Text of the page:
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One of the many beautiful dwellings to/from town by the Katis House. It was a very good walk.

I had such a good time there and I know my friend did as well. For anyone going to Kerala, Cochin and Alleppey are must dos on the list. I’ll probably revisit these places on my next trip there and of course, go farther afield.

We flew into Rishikesh the next day, not knowing that a large earthquake had hit Nepal and triggered an avalanche on Mount Everest. Yeah you remember that day last year? Well we were on our way to Delhi airport for our connection and were apparently in the air when it happened. Crazy right? We arrived in Rishikesh around 9pm that night.

Rishikesh is hill station at the base of some of the Himalayan mountain chain. This place from what I’ve been told is a very holy place and the Ganga River that flows in this part of the country is very clean and a place where many sunrise and sunset rituals are preformed. There are many yoga retreats and ashrams in and around Rishikesh and all number of stores and places to eat. The first time I came was in 2011 and coming back was very surprised at how much more there was. It is now touristier than I remember, but still a very cool place.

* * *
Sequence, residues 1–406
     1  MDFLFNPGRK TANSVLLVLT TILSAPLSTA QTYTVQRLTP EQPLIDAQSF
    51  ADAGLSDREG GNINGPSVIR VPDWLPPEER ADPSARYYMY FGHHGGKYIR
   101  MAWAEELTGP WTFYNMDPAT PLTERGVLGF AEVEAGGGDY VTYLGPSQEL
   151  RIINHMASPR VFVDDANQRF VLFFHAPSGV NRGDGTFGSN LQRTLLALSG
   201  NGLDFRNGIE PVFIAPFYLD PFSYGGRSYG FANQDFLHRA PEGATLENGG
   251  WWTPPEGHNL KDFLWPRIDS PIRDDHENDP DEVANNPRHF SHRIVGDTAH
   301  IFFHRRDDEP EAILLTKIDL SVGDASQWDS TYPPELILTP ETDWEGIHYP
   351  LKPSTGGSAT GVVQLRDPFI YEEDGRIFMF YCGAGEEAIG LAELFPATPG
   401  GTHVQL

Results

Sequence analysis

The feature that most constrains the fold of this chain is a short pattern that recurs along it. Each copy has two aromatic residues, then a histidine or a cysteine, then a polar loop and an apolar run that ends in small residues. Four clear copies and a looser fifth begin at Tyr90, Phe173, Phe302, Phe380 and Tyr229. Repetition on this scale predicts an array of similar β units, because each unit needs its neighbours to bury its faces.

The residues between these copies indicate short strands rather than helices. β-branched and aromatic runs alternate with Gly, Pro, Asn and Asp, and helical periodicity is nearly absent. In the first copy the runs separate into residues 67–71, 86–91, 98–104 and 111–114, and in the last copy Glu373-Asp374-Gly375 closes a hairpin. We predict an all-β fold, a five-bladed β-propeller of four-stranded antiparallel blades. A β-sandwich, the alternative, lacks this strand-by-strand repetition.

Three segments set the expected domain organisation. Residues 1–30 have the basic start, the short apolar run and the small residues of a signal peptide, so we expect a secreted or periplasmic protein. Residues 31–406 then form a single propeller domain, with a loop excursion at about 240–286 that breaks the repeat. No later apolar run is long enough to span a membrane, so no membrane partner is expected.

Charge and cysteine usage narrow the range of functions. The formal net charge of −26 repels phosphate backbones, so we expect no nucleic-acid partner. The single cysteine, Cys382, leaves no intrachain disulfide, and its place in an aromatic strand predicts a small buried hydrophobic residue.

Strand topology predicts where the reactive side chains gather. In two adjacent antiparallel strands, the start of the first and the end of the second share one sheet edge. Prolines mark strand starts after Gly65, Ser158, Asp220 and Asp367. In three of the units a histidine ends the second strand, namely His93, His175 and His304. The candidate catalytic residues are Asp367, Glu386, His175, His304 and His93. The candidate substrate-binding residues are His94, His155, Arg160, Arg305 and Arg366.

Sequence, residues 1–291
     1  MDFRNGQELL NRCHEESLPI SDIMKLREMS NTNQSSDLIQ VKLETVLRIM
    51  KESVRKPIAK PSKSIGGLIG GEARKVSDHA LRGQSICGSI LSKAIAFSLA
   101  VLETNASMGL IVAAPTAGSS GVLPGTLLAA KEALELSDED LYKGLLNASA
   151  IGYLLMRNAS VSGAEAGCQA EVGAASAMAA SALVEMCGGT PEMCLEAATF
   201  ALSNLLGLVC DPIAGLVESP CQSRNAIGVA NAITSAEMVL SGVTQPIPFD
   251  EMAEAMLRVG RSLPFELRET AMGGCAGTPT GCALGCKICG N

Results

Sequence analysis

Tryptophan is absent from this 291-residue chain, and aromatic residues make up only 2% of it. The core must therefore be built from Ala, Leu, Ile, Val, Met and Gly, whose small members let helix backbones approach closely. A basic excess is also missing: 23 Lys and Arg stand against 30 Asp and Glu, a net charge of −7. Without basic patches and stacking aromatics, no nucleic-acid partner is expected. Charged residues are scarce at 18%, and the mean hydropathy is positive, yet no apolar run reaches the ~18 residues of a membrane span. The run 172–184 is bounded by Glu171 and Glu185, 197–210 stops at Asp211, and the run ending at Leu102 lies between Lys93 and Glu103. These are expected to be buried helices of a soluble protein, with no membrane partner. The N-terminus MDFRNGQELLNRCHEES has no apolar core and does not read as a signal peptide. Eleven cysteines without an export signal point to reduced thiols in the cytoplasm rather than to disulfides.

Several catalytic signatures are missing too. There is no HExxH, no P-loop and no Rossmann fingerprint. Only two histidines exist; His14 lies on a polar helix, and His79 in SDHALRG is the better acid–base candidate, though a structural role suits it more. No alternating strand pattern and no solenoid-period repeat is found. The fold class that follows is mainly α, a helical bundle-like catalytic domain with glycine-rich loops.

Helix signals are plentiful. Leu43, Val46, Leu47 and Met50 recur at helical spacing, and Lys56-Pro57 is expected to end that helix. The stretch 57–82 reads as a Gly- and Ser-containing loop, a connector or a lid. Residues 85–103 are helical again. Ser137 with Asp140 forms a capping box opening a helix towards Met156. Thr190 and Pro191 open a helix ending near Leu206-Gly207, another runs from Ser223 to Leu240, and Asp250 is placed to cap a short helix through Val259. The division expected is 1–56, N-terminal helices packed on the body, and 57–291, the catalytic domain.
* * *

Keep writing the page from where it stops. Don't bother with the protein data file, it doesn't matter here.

As I did before, I stayed at the Sattva Wellness and Retreat center (http://thesattva.com/). This place opened up in 2011, so the first time I was one of the first guests. Many amenities have been added since that time, but this place – I just really find peace here every time I’m there. There is a riverbed down the steps of the resort and you can hear the water running along it even up in the rooms of the restort, it makes more a very calming experience. Our entire stay in Rishikesh and at the Sattva center was one of lazy relaxation. We went into town, we hiked up the riverbed, we had massages again, and we just rested. It was a great way to end our stay in India.

Up Next: Cambridge, Prague, Las Vegas/Mohave Desert, & San Diego!

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Travelling India Part II: Mumbai & Bangalore

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…Yes it’s been nearly ten months since my last post. Last two semesters of an MBA are not for the faint of heart. Apologies, but in the next few days I’ll be doing a rapid-fire update of this blog with everything that has happened since May 2015. However, I must recap February and April 2015 as well so…without further ado…Mumbai!